As reported here, this summer the UK’s inquiry into the Iraq War (the Chilcott Inquiry) invited submissions analysing the arguments relied on by the UK government as the legal basis for the war. The deadline for making those submissions was extended from July to September 13. The inquiry reserved the right to publish submissions made to it. However, it is now nearly 3 weeks since that deadline passed and the Inquiry has not yet published any of the submissions. The other evidence given to the committee of inquiry is available on its website and one important contribution of the inquiry is the declassification and release of many documents which were previously confidential. As has been discussed on this blog before (see  here here, and here) many of those documents give fascinating insight into the process by which the government sought and received legal advice relating to the use of force. It would be anamalous if the inquiry fails to publish evidence received from international lawyers on this critical issue  and I suspect that they will be published in some form at some point.

An article in the Guardian newspaper yesterday states that over 30 submissions were received by the inquiry on the legal arguments. The article (“Blair’s case for Iraq invasion was self-serving, lawyers tell Chilcot inquiry”) begins by stating that:

“The Blair government undermined the UN, bowed to US political pressure and relied on self-serving arguments to justify its decision to invade Iraq, according to evidence to the Chilcot inquiry by international lawyers.

A key theme of the evidence, yet to be published, is that the government weakened the UN, damaging the country’s reputation in the process . . .”

The article quotes from submissions made by Ralph Zacklin (former UN Assistant-Secretary General for  Legal Affairs), by Philippe Sands and from submissions drafted by Marko Milanovic and I. The submission drafted by Marko and I was signed by 23 international lawyers from academia and private practice. The full text of that submission can be found below the fold. (UPDATE: You can find all three submissions referred to on the Guardian website here)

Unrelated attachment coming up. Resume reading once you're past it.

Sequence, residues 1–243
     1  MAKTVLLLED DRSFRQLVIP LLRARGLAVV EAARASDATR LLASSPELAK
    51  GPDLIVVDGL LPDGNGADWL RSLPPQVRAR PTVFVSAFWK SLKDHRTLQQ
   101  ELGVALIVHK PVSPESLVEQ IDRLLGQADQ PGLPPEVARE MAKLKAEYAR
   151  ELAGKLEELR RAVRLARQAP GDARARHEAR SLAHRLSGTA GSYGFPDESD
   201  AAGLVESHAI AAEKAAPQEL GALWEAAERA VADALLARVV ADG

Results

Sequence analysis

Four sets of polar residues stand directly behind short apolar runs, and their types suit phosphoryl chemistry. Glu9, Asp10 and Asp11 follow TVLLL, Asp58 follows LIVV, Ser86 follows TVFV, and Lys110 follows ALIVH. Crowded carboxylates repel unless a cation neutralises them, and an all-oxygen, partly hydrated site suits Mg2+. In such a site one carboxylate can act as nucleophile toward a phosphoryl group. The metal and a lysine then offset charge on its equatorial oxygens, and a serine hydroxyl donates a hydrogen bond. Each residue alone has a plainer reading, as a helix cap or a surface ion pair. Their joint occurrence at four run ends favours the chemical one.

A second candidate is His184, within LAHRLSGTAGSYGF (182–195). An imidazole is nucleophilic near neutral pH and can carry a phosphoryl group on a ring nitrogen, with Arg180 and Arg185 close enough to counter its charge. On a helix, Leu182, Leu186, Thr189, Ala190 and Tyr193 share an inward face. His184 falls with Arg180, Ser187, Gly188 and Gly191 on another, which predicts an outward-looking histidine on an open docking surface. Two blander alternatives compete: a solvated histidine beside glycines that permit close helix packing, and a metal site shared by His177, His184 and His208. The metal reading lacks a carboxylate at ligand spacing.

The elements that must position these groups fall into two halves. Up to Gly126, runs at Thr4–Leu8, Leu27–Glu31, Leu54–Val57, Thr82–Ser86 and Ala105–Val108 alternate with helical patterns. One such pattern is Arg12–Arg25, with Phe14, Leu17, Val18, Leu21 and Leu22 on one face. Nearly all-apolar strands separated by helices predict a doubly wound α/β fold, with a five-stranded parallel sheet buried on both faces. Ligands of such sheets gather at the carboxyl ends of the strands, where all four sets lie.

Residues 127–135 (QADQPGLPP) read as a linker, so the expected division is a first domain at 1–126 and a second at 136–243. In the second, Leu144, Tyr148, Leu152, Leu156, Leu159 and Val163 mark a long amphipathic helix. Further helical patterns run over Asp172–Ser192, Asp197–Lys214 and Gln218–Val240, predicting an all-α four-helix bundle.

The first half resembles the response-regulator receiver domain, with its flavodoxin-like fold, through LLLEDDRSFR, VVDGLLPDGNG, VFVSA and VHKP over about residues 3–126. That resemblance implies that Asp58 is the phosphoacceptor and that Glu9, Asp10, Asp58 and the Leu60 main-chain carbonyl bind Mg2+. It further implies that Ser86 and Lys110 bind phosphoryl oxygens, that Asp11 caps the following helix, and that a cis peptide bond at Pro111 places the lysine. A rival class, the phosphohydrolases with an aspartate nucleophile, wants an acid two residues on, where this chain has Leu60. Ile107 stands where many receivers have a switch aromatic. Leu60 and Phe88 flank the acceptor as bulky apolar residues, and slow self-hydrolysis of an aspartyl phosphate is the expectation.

Given that the Inquiry made it clear that submissions were to be restricted to 3000 words we had to make choices as to the issues we wished to comment on. We decided not to attempt to revisit in full the against the use of force but did make the argument the argument put forward by the US and UK regarding the revival of previously given authorizations to use force undermines the UN collective security system. Our main focus, however, was on the arguments put forward by Lord Goldsmith (in his testimony to the committee) to justify the change in his legal advice. In our view, those arguments, even assuming that the UK’s revival argument was valid, UN Security Council Resolution 1441 would fail to satisfy that argument. In thinking that it did, Lord Goldsmith was moving from the UK’s revival argument to the US’ version of the argument which (as Lord Goldsmith himself accepted) was fundamentally different from the UK’s and which had been regarded even by the UK as an untenable legal position. Read the rest of this entry…

Print Friendly, PDF & Email
 

UK’s Iraq Inquiry Invites Submissions on Legal Arguments Used by UK to Justify the War

Published on June 7, 2010        Author: 

As we have previously noted here, the inquiry established by the UK to examine the UK’s involvement in the Iraq War has spent some time taking evidence on the legal justification put forward by the UK for the invasion of Iraq in 2003, as well as on the manner in which legal advice on the issue was formulated and presented. [For EJIL:Talk coverage of events at the Inquiry, see here here here, and here]. The inquiry has now issued an invitation to public international lawyers to make submissions on the legal arguments relied on by the UK. The text of the inquiry’s invitation is as follows:

The legal basis for the military intervention in Iraq has been the subject of much comment.  The Inquiry has heard evidence on this point from a number of witnesses, including Lord Goldsmith the former Attorney General and Sir Michael Wood the former Foreign Office Legal Adviser.  Transcripts of such evidence can be found at: http://www.iraqinquiry.org.uk/.  In addition, a number of government documents relating to the formulation of the legal advice have been declassified and published on the Inquiry’s website.

The Inquiry is being advised on public international law by Dame Rosalyn Higgins QC.  In order further to inform the Committee’s considerations, the Inquiry would be pleased to receive from public international lawyers any legal analysis they may wish to offer of the legal arguments relied upon by the UK government as set out in: the Attorney General’s advice of 7 March 2003; his written answer to a question in the House of Lords on 17 March 2003; and the FCO Memorandum “Iraq: Legal Basis for the Use of Force” of the same date.